Swing Longer Not Harder for More Power ©
Fall, 2019 – Art Eversole
This article was published in Senior Softball magazine issue in Fall 2019.
I recall some decades ago the great Jack Nicklaus (a prodigious driver of the golf ball during his era) was being interviewed by Golf magazine. A question was asked by the reporter: “Jack, is there a quick tip you can impart to our weekend golfers that want to carry their drives off the tee farther and without totally revamping their swing?"
The reporter, taking copious notes, was expecting Jack to say something like: “swing harder”, “snap your wrists faster at contact” or “be more aggressive” and so on, but that did not happen. Jack’s recommendation was simply to keep the fundamentals of your swing if it’s good technique, but then make your swing bigger. I believe that many of the golf swing concepts are transferable to the softball
How does this longer/bigger swing technique create more power? It’s a matter of basic physics 101. The longer swing applies swing forces over a greater distance, thereby, creating additional bat-speed. Setting the club higher above your head allows gravity to assist in delivering the bat faster to the ball. It’s essential to extend your lead-arm making it long eliminating the dreaded “alligator arms”. This will create a larger swing radius that makes for a bigger swing arc, which in turn adds power through leverage.
We’ve all heard many times on baseball broadcasts over the years, that baseball power hitters are known for getting their arms extended when hitting the baseball. What they are doing when extending their arms is creating a bigger swing arc that increases power with the same effort. When making your lead-arm longer, make sure not to arm-bar as this can kill swing speed.
How to make a bigger/longer swing arc:
Tip the bat barrel toward the pitcher at the start which will set and load your wrists (see figure 1). This motion is like the fly fisherman hurling the fishing line into the water; first with a hand action forward and then pulling back and then forward again, sending the line at high speed out on to the river. This initial action puts your bat into motion and at the same time unweighting it, so it feels lighter for a faster swing.
The bat barrel is rotated around your rear shoulder like a corkscrew in a counterclockwise motion by your hands; this movement generates early bat speed. The lead-arm hand is pulling hard on the bat-knob creating centripetal force with the downward movement of your back elbow into your side. This movement with the back elbow into the side places the bat into proper launch position, demonstrated here by the great Edgar Martinez of Seattle Mariners fame (see figure 2).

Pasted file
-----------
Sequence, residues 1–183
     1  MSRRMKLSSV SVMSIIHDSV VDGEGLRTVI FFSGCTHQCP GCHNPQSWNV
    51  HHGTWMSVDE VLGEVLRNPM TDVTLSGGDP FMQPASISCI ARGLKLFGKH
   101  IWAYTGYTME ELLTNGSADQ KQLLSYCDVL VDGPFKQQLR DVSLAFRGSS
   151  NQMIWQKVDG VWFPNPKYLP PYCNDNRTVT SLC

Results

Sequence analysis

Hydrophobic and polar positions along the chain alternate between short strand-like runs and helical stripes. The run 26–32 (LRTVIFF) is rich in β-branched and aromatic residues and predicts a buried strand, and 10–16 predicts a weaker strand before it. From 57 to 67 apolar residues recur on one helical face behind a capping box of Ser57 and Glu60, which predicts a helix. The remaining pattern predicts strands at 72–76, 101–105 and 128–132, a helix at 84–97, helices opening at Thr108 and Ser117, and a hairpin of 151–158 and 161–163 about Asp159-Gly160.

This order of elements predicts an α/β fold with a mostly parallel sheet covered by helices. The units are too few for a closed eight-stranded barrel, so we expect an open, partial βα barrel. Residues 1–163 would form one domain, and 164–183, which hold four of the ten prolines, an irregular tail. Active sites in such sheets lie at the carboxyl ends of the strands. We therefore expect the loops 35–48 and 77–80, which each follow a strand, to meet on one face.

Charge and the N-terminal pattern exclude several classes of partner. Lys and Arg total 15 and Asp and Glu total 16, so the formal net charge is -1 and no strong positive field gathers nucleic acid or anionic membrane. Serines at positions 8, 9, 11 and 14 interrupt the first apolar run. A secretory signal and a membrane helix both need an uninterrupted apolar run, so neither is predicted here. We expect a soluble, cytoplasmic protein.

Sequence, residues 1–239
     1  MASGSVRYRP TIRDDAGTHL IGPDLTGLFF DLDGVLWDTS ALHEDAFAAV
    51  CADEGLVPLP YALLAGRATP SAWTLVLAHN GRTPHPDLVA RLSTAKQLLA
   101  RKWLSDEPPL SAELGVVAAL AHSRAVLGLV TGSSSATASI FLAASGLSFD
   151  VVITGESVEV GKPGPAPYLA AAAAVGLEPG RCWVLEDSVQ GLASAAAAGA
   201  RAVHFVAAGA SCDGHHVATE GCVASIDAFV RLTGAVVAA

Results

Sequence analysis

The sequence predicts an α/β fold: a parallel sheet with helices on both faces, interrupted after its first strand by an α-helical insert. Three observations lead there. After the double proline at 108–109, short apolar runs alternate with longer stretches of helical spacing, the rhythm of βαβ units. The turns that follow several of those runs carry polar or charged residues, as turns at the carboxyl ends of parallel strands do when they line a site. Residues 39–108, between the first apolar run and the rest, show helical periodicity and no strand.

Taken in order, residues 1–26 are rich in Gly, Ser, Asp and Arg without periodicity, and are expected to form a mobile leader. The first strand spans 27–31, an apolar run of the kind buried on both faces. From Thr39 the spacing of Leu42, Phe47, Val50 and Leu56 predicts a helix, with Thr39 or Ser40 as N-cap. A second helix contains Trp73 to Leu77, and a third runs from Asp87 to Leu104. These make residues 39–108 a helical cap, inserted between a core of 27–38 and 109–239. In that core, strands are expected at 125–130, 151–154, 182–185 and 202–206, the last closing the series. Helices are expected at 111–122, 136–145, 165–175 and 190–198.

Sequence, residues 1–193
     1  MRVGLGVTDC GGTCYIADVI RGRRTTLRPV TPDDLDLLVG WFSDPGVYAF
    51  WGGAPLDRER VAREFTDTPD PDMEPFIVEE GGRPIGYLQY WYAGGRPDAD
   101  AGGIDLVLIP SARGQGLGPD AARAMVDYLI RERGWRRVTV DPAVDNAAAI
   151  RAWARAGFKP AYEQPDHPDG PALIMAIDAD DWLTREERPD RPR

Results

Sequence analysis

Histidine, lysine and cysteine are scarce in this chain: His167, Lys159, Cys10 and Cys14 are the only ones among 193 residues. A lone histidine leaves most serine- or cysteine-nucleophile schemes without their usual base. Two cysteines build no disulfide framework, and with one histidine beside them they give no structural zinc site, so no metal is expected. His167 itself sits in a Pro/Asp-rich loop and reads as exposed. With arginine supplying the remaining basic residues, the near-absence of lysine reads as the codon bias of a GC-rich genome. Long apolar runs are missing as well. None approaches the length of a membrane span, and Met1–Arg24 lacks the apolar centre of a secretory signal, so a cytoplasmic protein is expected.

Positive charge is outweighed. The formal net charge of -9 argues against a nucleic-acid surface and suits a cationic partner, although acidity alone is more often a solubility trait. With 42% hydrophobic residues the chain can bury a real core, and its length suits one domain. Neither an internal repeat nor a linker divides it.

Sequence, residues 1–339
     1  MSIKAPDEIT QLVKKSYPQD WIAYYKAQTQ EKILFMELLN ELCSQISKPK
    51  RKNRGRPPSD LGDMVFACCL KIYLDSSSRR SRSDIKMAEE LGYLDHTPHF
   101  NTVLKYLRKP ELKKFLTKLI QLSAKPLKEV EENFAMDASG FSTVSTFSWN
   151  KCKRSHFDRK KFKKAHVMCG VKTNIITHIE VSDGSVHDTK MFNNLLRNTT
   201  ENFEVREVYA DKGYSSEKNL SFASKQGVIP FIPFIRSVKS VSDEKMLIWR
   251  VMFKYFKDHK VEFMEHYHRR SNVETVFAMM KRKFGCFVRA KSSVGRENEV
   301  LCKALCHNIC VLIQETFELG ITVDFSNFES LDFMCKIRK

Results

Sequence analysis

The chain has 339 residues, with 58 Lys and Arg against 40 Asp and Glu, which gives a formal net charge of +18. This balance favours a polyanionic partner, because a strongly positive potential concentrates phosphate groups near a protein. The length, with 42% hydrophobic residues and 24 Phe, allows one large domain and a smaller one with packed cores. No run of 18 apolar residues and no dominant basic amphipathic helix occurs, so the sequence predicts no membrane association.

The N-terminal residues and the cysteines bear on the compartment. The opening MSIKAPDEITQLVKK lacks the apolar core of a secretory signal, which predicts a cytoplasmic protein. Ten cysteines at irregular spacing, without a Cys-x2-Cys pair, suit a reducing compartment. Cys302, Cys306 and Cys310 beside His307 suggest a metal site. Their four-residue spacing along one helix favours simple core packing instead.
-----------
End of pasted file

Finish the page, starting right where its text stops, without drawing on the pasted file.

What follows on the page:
(Edgar Martinez was the quintessential hitter and a member of Major League Baseball Hall of Fame, was a seven-time All-Star and five-time “Silver Slugger Award” winner for Seattle, where he spent his entire 18-year career.)
Note that it’s imperative not to stop or slow the angular momentum of your swing at any time; some hitters tend to pause for a moment as the bat reaches the launch position which should be avoided. The swing is designed to be a continuous motion from start to finish otherwise; you will nullify the early batspeed you’ve built into your swing that produces top-end bat acceleration.
I do consider Edgar’s hands over his head to be an extreme position and difficult for seniors to execute (see figure 1). I personally like to have my hands about rear shoulder height and not up and over my head. I Understand, that this swing technique requires flexibility that some seniors may not be able to copy.
Take some time to study the images of Edgar that accompany this article. They are intended to be illustrative of the flow of the bigger swing from the starting position to bat-launch. I’ve provided below a link to a short instructional video from the internet, featuring Josh Donaldson’s swing while with the Toronto Blue Jays that portrays the techniques of a long or big swing. Also pay close attention to Josh’s rotational mechanics (shoulders/torso/hips) that spins the bat into the ball.
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